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How to write a pain and suffering report for a cancer victim – part 3

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How to write a pain and suffering report for a cancer victim – part 3

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A nursing expert who writes a pain and suffering report to explain the details of cancer treatment may structure the report in different ways. Pain is usually one of the major cancer symptoms.

Pain
Review of the medical record reveals the types and amounts of pain medication that were administered to the patient. This information may be displayed in a simple text-based chart or in a chart that incorporates graphics created by Adobe Illustrator. When a considerable amount of pain medication is needed, sometimes it is useful to graphically display this information.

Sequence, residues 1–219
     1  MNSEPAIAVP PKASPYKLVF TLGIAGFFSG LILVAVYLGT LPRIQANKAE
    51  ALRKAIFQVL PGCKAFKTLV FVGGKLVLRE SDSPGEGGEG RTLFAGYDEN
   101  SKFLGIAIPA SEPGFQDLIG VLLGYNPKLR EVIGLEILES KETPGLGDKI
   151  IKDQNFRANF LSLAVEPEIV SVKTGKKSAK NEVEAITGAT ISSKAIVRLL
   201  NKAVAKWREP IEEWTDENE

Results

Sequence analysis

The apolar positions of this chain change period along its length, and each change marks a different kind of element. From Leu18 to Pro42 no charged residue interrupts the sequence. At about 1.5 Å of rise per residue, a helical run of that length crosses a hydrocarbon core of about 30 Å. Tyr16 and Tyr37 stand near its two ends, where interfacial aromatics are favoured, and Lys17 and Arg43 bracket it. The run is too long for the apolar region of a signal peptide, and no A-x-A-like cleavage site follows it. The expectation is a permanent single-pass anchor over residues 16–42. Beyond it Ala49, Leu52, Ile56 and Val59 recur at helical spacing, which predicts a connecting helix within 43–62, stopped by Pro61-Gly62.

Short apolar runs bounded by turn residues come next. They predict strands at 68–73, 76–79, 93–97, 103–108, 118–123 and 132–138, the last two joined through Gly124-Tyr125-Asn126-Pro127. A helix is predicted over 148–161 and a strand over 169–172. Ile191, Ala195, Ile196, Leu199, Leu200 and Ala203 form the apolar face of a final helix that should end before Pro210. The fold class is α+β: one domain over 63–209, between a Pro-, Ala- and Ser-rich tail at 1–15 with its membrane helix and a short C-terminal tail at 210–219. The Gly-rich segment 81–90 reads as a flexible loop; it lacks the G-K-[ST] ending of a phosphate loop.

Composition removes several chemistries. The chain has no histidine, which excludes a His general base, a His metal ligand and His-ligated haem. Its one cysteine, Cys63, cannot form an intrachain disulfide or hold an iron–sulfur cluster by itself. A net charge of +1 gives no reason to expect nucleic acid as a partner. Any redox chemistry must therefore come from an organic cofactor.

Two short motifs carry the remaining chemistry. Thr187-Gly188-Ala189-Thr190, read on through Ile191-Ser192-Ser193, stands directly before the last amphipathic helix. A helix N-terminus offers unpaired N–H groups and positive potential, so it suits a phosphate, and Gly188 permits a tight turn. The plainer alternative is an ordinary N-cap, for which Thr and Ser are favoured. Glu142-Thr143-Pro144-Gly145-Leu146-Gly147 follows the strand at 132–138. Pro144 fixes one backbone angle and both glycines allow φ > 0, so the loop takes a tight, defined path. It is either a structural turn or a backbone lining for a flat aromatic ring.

Awareness of prognosis
Medical records may reflect conversations between the patient and treating healthcare professionals. Psychologists, social workers, physicians, and nurses may document the patient’s statements about his or her awareness of the prognosis.

Example:

Mrs. Tucker knew that her chances of beating cancer were minimal. There were several entries in her medical record reflecting conversations with doctors about her poor prognosis. Examples of these comments include:

“In addition, the non-curability of the patient’s disease was discussed with the patient. The poor prognosis was discussed.” Dr. Quill 3/4/11

“That her disease is incurable, she is well aware of.” Dr. Hooper 4/4/11

Dealing with the social and financial implications of cancer
Cancer may affect every aspect of life. The cancer victim may experience social withdrawal or avoidance of friends who are uncomfortable in interacting with the victim. When income is lost because of the need for treatments, or weakness, the financial disruption may follow.

Example: